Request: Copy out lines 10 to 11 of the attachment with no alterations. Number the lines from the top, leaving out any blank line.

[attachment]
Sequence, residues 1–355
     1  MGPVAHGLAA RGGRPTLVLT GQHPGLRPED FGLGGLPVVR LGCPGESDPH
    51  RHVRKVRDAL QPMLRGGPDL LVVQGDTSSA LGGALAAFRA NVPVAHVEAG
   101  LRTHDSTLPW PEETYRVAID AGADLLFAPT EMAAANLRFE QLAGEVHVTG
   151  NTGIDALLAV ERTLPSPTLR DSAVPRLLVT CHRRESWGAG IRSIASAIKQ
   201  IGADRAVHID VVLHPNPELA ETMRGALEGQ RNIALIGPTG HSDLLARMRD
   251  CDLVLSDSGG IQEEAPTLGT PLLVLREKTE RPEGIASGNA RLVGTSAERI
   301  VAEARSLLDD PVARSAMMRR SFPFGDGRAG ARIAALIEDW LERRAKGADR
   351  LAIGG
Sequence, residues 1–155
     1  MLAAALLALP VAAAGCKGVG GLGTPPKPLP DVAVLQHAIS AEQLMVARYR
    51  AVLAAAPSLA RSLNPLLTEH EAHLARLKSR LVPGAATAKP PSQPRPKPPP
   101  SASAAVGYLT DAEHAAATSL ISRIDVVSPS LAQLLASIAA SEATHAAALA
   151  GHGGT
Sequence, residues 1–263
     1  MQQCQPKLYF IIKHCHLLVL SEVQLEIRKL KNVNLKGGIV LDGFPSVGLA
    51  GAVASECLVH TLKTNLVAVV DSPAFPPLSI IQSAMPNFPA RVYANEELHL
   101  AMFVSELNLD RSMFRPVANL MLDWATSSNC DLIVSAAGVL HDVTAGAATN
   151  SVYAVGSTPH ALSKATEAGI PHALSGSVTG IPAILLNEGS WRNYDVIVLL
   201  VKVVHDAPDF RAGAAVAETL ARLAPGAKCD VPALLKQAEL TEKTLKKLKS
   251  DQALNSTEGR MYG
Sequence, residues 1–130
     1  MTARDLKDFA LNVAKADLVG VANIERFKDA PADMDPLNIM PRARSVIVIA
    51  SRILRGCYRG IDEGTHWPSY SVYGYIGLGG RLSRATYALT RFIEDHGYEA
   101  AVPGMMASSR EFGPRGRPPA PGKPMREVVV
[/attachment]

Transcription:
Sequence, residues 1–155
     1  MLAAALLALP VAAAGCKGVG GLGTPPKPLP DVAVLQHAIS AEQLMVARYR